Guest Blog Post by Natasha Luepke, Chehalem Cultural Center Arts Programs Assistant
WE ARE OREGON: BLACK HISTORY MONTH
An Interview with Bryce Coefield
1. How would you like me to describe you — eg “Bryce Coefield, Newberg City Councilor” or something else?
Hi! My name is Bryce Coefield (he/him), and there are many identities I hold and ways in which I describe myself. The most salient ones (in no particular order) are: father, life-partner, Friend, seeker of liberation, Christ follower, City councilor, Ph.D. Candidate, and Lakers fan.
2. Do you prefer the term Black, African-American, or something else?
I identify, and prefer Black.
3. What do you like about living in Oregon?
Coming from Los Angeles, I LOVE the vastly reduced amounts of traffic! Lol I also really like the seasons. I mean this literally and figuratively. Quite literally the seasons are beautiful. Fall, for example, brings some of the most beautiful colors on trees I didn’t even know excited until moving here. Figuratively, I believe the seasons also bring changes of pace to life. Coming from Los Angeles where it’s seemingly always sunny, life felt like go-go-go all the time. I love the “shifting of gears” that comes with changing seasons.
4. What’s a piece of Black culture you think everyone should experience? (Movie, food, book, etc).
Oooo this is a really interesting question. Black culture is incredibly rich and diverse and while there are lots of movies, books, food, etc. that I think folks should experience I am going to go a different direction. To me I think everyone should experience/engage in Sankofa. Sankofa is a metaphorical concept used by the Akan people of Ghana. It is represented by a bird with it’s neck craned back retrieving an egg. It symbolizes a sacred journey of going back into one’s histories and legacies and retrieving what has been lost or forgotten. This journey of reclamation allows for a moving forward that is informed by the wisdom and experiences of ancestors and those who have come before us.
5. What do you wish people knew about the Black experience?
I wish people knew that the Black experience is incredibly diverse. As Chimimanda reminds us, there is no single story of Blackness. We are fully human. Yes, there are particular manifestations of racism as anti-blackness that require unique forms of resilience and power in the Black community. AND we are human. Our humanity requires a recognition of the multiple intersecting identities we hold, and the richness of our human experience. Often times, especially during Black history month, dominant narratives about the Black experience are preoccupied with stories of slavery & the civil rights movement. While of course these are parts of our history, the underlying assumption is that Black folks only exist in relation to white power structures, and that just not true.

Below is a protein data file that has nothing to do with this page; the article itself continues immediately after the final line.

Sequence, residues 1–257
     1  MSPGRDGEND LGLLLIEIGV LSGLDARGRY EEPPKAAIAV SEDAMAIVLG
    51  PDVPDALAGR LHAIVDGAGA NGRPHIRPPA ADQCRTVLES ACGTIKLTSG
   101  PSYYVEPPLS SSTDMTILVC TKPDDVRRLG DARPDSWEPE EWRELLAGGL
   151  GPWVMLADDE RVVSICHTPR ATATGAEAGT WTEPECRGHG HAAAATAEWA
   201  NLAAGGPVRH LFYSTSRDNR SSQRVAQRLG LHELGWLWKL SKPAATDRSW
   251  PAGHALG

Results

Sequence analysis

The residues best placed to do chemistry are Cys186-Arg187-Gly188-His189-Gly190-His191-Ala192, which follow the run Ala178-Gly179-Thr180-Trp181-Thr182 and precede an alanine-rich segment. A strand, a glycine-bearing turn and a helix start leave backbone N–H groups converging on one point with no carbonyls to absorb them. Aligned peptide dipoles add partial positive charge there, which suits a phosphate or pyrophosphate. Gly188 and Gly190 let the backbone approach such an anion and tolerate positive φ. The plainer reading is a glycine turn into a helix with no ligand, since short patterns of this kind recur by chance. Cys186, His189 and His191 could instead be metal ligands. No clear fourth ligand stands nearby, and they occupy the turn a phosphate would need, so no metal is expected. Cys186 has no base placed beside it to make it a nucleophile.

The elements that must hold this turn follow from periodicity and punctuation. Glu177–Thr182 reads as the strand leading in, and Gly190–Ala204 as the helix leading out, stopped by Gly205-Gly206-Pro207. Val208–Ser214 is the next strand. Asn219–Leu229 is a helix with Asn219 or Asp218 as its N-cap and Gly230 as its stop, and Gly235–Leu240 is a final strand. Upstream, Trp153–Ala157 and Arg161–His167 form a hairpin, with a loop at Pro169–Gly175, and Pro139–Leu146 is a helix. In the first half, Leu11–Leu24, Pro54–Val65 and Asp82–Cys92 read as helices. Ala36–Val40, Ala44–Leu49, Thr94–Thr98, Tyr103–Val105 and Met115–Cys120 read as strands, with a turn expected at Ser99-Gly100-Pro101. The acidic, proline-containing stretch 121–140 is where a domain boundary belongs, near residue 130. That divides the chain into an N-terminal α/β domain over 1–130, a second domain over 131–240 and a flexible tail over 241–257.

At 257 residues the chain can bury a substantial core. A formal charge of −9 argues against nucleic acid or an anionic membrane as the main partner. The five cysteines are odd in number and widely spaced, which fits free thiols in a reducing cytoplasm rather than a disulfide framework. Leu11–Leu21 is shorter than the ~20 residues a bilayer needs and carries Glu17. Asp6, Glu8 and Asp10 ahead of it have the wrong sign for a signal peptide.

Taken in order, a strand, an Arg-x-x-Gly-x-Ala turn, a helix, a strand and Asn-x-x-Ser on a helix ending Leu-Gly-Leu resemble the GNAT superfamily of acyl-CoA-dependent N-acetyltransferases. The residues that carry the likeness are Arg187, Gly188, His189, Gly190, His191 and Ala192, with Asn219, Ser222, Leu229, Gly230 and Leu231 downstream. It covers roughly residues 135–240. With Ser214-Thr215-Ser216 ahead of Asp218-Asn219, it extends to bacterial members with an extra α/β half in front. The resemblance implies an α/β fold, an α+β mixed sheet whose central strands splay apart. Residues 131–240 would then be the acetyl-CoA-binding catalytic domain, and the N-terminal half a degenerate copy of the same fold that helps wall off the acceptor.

6. Anything else you’d like to share!
Thank you for the opportunity to share some of my thoughts :)
Bryce is also the co-founder of Brave Space Consulting, which educates organizations and institutions about racial diversity and equity.
ABOUT ‘WE ARE OREGON’
The Chehalem Cultural Center believes that understanding other cultures makes us more tolerant, and diversity makes our experiences richer and that learning about cultural and historical origins is the best way to understand who we are now, and in the future preserve what’s best. As Oregonians, we share so many things: a love for the outdoors, an appreciation for diversity, a spirit of tolerance and inclusiveness, a commitment to justice. No matter where we were born, the color of our skin, or who we love, we are all Oregonians.
Each month, the CCC will highlight a segment of Oregon’s population. By sharing our history and culture with one another, we can build a beautiful future. See the full exhibit in the Founders’ Lobby or enjoy highlights online! Tell us about yourself in our survey.
ABOUT THE AUTHOR—NATASHA LUEPKE
Natasha Luepke grew up in Georgia and attended college in Nebraska before making a home in Oregon. She enjoys bringing her background in education, history, and literature to her work at the Chehalem Cultural Center as the Arts Programs Assistant. She currently lives in Newberg with her husband and four cats.